Predictably bullion predominates in times of war. A survey of how Western states amassed their wealth in recent centuries shows that trade, tax and violence are inseparably linked. When President Nixon finally ended the connection between the US dollar and an amount of gold in 1971, it was in order to create money to pay for the Vietnam War.

Today, the value of the US dollar is not linked to anything objective (like gold or silver) but to the United States as an entity. The world’s wealthiest nation is also the greatest military power in history, in close striking distance of any point on the planet. If it were not for its colossal military spending, the US would not run a budget deficit at all. But were it not for its military capability, it would not have the economic power that it has either.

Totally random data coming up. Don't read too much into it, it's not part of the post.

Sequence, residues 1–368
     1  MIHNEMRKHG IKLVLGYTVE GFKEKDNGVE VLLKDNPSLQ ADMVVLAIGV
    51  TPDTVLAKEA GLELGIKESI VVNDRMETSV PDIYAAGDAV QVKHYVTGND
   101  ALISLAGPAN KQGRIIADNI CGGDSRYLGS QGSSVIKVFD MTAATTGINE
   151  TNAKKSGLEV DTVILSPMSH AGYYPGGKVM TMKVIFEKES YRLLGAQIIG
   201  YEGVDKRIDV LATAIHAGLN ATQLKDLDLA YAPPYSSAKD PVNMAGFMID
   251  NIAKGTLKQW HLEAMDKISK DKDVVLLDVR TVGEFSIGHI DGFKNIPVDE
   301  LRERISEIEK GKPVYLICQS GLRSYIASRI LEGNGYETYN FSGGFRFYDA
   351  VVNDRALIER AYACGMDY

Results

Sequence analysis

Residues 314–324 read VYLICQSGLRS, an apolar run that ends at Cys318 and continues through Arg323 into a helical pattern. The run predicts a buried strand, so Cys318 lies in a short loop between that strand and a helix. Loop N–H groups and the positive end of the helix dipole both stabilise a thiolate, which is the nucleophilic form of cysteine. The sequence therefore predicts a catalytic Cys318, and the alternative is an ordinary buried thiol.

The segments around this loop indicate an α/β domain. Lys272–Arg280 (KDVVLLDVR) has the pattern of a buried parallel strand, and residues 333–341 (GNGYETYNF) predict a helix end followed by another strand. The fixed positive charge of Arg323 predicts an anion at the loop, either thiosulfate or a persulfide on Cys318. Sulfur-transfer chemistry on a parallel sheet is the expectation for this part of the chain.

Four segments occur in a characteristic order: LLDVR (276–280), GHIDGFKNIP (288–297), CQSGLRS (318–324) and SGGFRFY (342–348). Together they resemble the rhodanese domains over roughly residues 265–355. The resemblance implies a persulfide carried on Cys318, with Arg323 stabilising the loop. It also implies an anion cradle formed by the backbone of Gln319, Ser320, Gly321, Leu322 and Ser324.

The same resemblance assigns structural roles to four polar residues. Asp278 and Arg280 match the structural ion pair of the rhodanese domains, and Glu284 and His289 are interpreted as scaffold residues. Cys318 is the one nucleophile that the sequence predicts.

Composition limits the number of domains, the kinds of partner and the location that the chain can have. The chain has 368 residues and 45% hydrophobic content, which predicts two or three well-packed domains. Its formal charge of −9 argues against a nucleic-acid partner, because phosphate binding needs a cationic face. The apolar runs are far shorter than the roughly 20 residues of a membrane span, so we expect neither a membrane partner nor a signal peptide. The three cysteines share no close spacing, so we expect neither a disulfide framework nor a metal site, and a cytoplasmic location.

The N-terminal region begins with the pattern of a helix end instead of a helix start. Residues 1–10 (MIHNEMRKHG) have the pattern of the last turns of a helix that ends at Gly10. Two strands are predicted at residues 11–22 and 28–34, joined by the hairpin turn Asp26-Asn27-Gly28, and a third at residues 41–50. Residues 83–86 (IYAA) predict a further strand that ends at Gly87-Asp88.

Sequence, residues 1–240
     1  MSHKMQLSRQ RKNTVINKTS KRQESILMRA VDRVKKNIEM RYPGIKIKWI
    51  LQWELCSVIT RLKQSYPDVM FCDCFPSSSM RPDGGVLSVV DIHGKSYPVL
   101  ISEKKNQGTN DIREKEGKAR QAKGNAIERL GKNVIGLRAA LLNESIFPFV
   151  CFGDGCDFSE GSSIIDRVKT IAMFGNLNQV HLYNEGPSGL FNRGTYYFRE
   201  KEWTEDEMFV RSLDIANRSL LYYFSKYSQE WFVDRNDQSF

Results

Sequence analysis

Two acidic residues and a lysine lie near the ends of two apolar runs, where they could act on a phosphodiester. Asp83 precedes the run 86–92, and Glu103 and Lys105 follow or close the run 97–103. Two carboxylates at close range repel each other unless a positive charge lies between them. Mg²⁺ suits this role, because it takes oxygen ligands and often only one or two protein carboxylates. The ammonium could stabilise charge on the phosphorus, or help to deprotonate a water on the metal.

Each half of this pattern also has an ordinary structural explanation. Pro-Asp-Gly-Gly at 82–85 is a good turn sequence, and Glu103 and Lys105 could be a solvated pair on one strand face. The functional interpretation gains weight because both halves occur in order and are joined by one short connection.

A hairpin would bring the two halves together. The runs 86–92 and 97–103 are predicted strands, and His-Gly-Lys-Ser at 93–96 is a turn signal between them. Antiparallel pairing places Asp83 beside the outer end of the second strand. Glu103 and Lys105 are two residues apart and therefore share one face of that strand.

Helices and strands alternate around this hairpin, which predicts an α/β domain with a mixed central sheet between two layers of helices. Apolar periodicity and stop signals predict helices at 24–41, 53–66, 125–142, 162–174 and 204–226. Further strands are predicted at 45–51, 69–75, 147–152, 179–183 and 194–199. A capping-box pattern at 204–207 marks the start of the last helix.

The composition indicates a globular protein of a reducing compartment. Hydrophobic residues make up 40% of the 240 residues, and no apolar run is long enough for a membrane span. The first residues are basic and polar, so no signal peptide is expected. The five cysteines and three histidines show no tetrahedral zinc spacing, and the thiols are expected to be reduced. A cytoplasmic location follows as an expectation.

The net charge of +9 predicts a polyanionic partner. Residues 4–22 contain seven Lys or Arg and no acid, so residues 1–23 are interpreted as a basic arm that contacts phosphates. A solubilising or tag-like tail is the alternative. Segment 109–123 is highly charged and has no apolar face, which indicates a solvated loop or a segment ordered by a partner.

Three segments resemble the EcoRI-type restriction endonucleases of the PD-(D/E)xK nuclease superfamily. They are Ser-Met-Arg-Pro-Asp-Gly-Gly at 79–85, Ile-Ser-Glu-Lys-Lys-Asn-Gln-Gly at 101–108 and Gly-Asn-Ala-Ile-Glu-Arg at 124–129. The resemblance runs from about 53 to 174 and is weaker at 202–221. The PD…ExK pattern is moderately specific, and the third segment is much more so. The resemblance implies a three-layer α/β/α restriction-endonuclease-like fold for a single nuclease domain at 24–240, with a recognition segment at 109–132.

Graeber contrasts the example of French colonisation of Madagascar with the response of Western powers to the emancipation of former slaves in Haiti to show that economic prosperity is not about the power of the free market but rather about who holds the gun. The final insult is to use the language of debt to shift the blame from the aggressor to the aggressee. The German word “Schuld” means both ‘debt’ and ‘fault.’

Even at an individual level, professional money-lenders have been universally despised for getting rich at the expense of the misery of others, frequently through physical violence. The most obvious expression of this in the English-speaking world is Shakespeare’s Shylock seeking his ‘pound of flesh’ from his defaulting debtor Antonio in The Merchant of Venice.